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A simmering disagreement between Los Alamos National Laboratory and its state environmental regulator erupted Thursday.
The dispute has boiled over because of issues related to protecting Santa Fe’s drinking water from the risk of laboratory pollution upstream.
The Santa Fe city and county governments have water rights from the San Juan-Chama Project and the Rio Grande by means of the Buckman Direct Diversion Project. The $216 million water treatment project is supposed to divert and clean water from the Rio Grande including the waters from storms and tributaries washing down from laboratory property.
Monday afternoon, in a letter from Hazardous Waste Bureau Chief James Bearzi, New Mexico Environment Department stipulated a $960,000 penalty against the laboratory for failure to comply with a consent order between the state and the laboratory and its federal managers.
That penalty, according to an announcement issued by the department Monday, started with a notice of intent to assess penalties in
September 2008 for failure to comply with the legal agreement. In January, the department assessed $291,000 in penalties for the first 117 days of non-compliance. In an announcement, the department said that LANL had not paid the fine or corrected that deficiency.
NMED has now assessed a fine of $3,000 for the subsequent 320 days, totaling $960,000.
“I am extremely disappointed that the laboratory would rather pay penalties or fight legal battles than do the right thing and install the monitoring system that the city, county and state have asked for repeatedly,” said New Mexico Environment Department Secretary Ron Curry. “This is not about the money; it is about the laboratory being held accountable. Reliable groundwater and surface water monitoring networks are critical in determining whether or not hazardous pollution from Area G and other waste sites are reaching our precious groundwater and the Rio Grande. I share the grave concerns expressed by many New Mexicans over the environmental impacts of LANL’s legacy, especially on local water projects such as the Buckman Direct Diversion.”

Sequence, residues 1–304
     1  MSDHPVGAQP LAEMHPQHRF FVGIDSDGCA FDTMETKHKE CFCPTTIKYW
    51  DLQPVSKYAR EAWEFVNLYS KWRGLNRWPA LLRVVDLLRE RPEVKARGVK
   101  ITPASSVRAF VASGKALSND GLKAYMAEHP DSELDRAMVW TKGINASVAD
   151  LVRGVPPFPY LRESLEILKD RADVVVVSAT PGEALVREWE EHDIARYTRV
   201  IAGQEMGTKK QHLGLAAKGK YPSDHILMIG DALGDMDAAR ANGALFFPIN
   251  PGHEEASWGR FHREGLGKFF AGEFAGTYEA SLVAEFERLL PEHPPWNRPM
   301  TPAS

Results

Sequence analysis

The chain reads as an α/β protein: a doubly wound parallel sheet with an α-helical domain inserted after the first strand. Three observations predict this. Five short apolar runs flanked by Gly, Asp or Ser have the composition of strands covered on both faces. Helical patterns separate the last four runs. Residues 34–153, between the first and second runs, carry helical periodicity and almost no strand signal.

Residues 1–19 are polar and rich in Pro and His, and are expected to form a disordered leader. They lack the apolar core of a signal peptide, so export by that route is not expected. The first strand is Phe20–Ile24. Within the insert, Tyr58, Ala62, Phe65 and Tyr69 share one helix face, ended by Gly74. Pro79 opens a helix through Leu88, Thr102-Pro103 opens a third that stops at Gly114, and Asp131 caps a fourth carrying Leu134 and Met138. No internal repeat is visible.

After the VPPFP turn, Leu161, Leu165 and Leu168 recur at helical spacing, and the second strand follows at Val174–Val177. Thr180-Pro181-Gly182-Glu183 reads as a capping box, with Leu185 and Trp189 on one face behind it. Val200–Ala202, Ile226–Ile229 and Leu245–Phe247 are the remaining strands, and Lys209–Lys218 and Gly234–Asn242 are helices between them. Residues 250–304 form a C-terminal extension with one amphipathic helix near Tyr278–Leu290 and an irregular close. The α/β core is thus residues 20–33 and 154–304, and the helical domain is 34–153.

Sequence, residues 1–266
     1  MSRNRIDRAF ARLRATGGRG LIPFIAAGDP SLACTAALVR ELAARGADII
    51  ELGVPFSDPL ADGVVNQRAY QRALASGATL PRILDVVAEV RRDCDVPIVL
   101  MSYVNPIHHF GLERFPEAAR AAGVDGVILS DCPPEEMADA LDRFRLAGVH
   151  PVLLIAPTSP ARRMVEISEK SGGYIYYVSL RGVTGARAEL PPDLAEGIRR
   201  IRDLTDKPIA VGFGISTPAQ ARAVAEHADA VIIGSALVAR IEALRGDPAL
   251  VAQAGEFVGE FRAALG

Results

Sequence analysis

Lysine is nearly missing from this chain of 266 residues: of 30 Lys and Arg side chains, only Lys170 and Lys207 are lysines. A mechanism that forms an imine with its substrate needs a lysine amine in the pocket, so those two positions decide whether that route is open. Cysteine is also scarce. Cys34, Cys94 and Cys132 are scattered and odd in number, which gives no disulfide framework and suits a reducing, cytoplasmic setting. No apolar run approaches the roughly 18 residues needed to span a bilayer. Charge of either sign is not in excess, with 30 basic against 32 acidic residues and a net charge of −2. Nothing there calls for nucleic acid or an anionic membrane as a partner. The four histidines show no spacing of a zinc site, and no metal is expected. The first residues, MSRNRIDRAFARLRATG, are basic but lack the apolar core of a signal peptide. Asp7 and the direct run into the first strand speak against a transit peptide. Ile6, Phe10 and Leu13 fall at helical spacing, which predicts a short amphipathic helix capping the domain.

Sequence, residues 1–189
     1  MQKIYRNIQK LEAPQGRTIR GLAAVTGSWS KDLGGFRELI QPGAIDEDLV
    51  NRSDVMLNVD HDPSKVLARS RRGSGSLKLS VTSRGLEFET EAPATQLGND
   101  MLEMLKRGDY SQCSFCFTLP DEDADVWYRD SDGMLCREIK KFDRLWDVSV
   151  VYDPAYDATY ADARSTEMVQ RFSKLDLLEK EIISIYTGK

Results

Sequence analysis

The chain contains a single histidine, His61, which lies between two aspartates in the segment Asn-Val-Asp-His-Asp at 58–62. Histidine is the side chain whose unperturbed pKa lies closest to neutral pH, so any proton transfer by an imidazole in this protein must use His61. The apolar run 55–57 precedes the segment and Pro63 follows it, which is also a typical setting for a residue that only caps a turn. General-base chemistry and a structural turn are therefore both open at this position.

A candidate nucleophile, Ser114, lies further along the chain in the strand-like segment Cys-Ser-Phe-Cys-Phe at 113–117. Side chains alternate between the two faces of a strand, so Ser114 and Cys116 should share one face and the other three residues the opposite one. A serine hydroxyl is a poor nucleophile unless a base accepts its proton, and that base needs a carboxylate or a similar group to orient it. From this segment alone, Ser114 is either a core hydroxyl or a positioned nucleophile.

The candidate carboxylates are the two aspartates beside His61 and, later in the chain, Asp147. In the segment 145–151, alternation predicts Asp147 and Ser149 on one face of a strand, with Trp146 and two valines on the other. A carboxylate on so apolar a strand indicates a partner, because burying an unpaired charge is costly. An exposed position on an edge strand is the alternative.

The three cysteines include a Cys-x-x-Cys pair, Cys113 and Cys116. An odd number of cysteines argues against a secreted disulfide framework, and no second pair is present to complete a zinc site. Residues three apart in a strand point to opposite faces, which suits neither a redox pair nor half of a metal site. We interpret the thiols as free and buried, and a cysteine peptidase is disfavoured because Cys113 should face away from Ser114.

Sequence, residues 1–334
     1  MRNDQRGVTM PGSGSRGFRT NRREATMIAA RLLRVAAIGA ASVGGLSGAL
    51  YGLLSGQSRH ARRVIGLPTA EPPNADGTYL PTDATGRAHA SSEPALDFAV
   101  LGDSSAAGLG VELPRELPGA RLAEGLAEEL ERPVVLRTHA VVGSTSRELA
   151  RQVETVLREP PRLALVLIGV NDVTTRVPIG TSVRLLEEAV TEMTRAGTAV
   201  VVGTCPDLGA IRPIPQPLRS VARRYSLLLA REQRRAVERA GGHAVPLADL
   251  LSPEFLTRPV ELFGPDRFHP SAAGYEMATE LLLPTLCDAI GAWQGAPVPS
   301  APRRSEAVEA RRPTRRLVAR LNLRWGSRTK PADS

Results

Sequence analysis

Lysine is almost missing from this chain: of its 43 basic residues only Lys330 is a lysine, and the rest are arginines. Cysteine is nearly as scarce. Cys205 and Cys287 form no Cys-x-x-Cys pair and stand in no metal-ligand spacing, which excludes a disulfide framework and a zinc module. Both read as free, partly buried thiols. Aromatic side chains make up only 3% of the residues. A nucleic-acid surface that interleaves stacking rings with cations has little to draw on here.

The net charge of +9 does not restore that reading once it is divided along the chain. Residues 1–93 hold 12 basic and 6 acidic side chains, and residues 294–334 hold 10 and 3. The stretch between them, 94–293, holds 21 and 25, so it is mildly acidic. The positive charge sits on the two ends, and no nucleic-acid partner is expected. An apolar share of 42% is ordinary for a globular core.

He added that the penalty was a
“call to action for the lab to wake up, clean up and live up to the environmental promises it has made to New Mexico.”
A spokesperson for the laboratory emphasized points of agreement, but did not suggest a resolution to the disagreement.
“We thought we had agreement on how much data are needed to design that remediation,” said Fred DeSousa of the lab’s communications office in an e-mail response. “NMED approved a work plan describing that data in 2007. At NMED’s request and in good faith, we drilled new wells and added the data in reports submitted on time in 2008 and 2009.”
He responded that the laboratory provides “multiple gigabytes of data,” on monitoring radionuclides and that they were publicly available.
In an announcement late Monday, the Buckman Direct Diversion Board said they supported, “NMED’s call to action for Los Alamos National Laboratory to perform water quality monitoring.”
The board emphasized their commitment to “meet all safe drinking water standards and scientifically demonstrate that drinking water is safe with respect to LANL environmental pollution in order to improve customer confidence.”
The board stated that they, “must be certain that storm water runoff from LANL is properly managed and regulated to ensure contaminants are contained on LANL property and dod not reach the Rio Grande.”
Since 2005 NMED and LANL have been governed by Consent Order governing a program of environmental cleanup at the laboratory.
NMED officials have said the lab failed to comply in its plan for closing down its low waste repository, Area G, because the report did not include reliable groundwater data that the department had been calling for since the end of 2007.
In an e-mail Monday Independent groundwater watchdog Bob Gilkeson responded to the NMED and LANL dispute with a portion of criticism for both sides.
“NMED shares responsibility with LANL for an overall failure to implement wise groundwater protection practices,” he wrote. “There is an immediate need for DOE Headquarters to schedule the public meetings with the “world class expert panel” that was promised to the citizens of New Mexico in February of 2009.”